Disability Representation: Superheroes in DC and Marvel Comics

With Disability Pride Month upon us, I got to thinking about how many superhero characters with disabilities there are in what we call the “Big Two” aka Marvel Comics and DC Comics. I think the general public doesn’t think of characters with superpowers as disabled even if they are. Many well known superheroes acquire their powers or abilities through circumstances that also leave them disabled by societal standards.  

Daredevil aka Matt Murdock is blind after an accident splashed radioactive material into his eyes as a child. However, that material also gave him enhanced extra-sensory abilities. He “sees” through a sort of echolocation that allows him to move about the world mostly without any aids.

As shown above, artists often choose various ways to depict what Daredevil “sees”. This artist, Chris Samnee, depicts the other characters as almost faceless but with some features that could be picked out depending on how close Daredevil is to them. The same goes for the surrounding environment that fades as it goes further out-something that seems obvious but is a great detail included in the art.  

The Daredevil show that was featured on Netflix in 2015 showed not only Matt’s superpower and his use of it to seek justice but also the aids he uses to function in a world not built for him. Ironically, when the series debuted blind Netflix users were disappointed to find that Daredevil did not feature an audio description track. Thanks to an online campaign blind audiences can now access the series about a superhero with a lived experience like theirs.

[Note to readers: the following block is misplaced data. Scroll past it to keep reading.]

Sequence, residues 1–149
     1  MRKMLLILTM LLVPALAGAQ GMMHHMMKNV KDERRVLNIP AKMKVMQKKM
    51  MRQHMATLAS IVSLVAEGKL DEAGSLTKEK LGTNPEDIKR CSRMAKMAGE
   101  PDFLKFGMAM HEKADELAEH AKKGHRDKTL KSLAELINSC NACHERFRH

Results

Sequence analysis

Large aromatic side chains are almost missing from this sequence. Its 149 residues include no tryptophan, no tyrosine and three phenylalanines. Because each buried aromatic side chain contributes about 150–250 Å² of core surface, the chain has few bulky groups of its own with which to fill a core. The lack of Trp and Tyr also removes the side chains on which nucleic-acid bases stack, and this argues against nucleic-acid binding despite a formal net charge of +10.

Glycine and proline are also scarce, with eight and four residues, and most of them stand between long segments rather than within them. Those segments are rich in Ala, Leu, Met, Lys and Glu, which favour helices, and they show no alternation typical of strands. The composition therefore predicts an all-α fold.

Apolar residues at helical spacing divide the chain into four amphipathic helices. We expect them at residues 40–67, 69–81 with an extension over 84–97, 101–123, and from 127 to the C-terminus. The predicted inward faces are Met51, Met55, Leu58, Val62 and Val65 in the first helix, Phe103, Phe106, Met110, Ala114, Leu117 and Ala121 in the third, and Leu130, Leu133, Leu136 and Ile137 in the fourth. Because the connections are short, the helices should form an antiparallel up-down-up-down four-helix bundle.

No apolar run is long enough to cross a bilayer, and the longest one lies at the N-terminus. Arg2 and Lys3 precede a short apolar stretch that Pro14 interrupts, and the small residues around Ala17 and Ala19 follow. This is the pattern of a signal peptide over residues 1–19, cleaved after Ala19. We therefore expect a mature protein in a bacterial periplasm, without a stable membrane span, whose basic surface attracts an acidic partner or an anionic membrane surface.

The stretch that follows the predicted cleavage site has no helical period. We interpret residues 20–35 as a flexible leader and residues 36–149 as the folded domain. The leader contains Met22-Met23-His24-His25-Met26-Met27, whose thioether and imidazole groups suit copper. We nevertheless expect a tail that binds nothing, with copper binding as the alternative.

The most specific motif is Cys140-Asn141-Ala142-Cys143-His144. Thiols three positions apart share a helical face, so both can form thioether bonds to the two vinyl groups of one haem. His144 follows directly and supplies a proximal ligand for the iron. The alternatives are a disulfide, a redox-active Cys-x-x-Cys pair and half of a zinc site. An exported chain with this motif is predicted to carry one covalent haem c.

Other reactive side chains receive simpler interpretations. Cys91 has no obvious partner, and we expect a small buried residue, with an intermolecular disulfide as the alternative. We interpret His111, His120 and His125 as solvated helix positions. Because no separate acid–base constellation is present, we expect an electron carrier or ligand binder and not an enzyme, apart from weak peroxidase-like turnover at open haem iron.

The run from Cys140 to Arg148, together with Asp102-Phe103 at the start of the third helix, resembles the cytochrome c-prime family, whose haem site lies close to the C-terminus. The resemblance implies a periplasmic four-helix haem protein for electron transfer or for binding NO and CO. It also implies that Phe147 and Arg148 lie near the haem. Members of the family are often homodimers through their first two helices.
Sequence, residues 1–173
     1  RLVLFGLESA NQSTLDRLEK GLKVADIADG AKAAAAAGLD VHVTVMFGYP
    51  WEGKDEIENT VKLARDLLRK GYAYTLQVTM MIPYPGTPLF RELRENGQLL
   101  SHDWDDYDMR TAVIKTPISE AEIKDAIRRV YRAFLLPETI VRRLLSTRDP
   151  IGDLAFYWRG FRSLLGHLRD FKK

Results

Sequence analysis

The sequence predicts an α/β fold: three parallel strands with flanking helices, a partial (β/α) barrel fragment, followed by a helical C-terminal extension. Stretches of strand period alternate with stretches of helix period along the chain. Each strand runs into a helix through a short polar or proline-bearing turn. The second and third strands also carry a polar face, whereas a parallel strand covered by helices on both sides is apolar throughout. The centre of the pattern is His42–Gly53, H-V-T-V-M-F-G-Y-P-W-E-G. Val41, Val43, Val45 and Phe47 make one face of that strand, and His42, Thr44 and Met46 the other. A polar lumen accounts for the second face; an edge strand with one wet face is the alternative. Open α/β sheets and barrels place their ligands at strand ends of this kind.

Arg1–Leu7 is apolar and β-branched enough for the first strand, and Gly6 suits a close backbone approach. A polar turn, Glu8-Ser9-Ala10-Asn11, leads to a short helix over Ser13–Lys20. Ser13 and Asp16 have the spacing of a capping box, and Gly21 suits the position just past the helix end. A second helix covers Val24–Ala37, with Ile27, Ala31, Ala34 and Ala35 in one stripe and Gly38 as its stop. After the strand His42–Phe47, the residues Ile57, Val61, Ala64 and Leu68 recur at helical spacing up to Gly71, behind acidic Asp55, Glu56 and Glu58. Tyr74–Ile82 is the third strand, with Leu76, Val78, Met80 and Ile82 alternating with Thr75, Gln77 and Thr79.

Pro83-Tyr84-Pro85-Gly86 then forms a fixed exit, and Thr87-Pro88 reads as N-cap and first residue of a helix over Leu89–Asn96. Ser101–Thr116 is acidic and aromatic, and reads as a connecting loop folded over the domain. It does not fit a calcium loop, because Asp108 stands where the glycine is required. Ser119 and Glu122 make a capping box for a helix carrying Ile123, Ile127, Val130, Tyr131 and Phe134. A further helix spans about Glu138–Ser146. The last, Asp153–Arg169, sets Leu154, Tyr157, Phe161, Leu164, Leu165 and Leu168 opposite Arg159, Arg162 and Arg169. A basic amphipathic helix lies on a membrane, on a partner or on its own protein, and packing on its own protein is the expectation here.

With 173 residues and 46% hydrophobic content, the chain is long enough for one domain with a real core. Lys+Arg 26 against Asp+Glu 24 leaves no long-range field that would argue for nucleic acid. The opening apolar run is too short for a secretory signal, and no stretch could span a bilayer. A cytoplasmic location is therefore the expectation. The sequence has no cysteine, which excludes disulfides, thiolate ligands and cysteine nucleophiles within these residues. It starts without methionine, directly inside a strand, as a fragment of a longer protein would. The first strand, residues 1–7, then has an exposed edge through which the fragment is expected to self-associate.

There have been many, many series starring Daredevil since his debut in 1964!  

Here are some in our collection you can check out: 

Here Comes... Daredevil, the Man Without Fear!


Another very famous disabled superhero is Barbara Gordon, or as most people would recognize her: the original Batgirl. Barbara Gordon went through a rough turn of events in the late 1980s when DC Comics wanted to move past “sidekick” characters. During a story arc that is seen as iconic amongst some readers, The Killing Joke, Barbara answers the door to find the Joker standing on the other side. He shoots her leaving her paralyzed from the waist down. Many things have been considered controversial about this story and about things that came after. 

In the aftermath of The Killing Joke, readers believed Barbara to be written out of the comics for good-afterall, how could Barbara be Batgirl if she’s paralyzed? Enter John Ostrander and Kim Yale who were writing the original Suicide Squad. Barbara Gordon didn’t get superpowers from her ordeal, she was brought to her lowest but we’re lucky Ostrander and Yale saw fit to give her a voice.  

There were no plans for her in the continuity at that time. We decided that if that happened, we weren’t just going to make her better magically — we wanted to explore what happened when someone like her was crippled and how she would respond.” 

-John Ostrander